By Aidan Levy
Saxophonist John Ellis’ Mobro, a concept album in collaboration with librettist Andy Bragen, is a radical departure from his previous release, the contemporary postbop date It’s You I Like, but it never veers too far into avant-garde territory; it’s too melodically centered and plaintively lyrical, with personnel including vocalist Becca Stevens, trumpeter Shane Endsley and guitarist Mike Moreno straddling downtown, folk and straight-ahead sub-genres. Though it is a dense recording—by the third track, “Storm,” vocalist Miles Griffith unleashes ferocious, glottal vocal fry, and Ellis’ orchestration tilts towards Maria Schneider at her most discordant—it is often mellow. Ellis’ brand of chamber jazz stems more from narrative structure than third-stream polytonality.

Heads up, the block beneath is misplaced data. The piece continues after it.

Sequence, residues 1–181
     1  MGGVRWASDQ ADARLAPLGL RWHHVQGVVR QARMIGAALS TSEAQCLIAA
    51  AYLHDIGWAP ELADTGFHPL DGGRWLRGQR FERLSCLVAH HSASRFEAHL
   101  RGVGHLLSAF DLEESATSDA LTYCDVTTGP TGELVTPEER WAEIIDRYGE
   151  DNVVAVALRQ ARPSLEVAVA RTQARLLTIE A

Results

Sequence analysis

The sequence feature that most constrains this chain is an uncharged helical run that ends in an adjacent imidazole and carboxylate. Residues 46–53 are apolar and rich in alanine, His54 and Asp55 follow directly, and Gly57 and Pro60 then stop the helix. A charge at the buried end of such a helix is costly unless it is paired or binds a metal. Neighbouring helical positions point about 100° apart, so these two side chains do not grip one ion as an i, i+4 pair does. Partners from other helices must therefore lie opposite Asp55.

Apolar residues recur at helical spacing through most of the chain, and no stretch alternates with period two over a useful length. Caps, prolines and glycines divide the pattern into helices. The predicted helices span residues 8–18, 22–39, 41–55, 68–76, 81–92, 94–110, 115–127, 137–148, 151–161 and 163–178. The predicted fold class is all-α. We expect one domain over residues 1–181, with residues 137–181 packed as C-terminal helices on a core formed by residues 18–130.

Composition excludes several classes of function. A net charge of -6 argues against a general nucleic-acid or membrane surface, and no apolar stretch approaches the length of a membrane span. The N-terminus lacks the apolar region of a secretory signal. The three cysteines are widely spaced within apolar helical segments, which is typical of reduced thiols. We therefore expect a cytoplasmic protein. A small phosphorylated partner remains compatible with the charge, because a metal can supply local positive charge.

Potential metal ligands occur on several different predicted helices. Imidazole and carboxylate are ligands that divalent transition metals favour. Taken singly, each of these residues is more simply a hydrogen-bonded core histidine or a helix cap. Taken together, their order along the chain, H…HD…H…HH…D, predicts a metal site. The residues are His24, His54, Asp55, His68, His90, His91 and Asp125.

The album’s dynamic ebb and flow was inspired by the journey of the Mobro 4000, a barge that made headlines in 1987 when it hauled more than 3,000 tons of garbage down the Eastern Seaboard, unable to dispose of its sizable load. Ellis’ compositional devices reflect the titular vessel’s journey. The opener, “Anticipation,” leads off with a Copland-esque textured brass chorale that gradually escalates in tempo and dissonance, resolving into the ethereal voicings and cymbal play of “Sailing,” which introduces Bragen’s stirring lyrics. In contrast to the frenetic brass modulations and Ellis’ angular playing on “Mutiny/Rebellion,” the subdued “Doldrums” consists almost entirely of furtive whispers and atmospheric sound design by Roberto Carlos Lange that seems to reverberate from the hull of a ship. At journey’s end, the dirge-like solemnity of the loping midtempo ballad “Mourning” pairs guitarists Moreno and Ryan Scott with Stevens’ sea-battered vibrato and a keening rejoinder from Ellis. Finally, the exuberant trad-jazz closer, “Celebration,” a return to the tonic, proves that more than a quarter-century later, one man’s trash is another’s sonic treasure.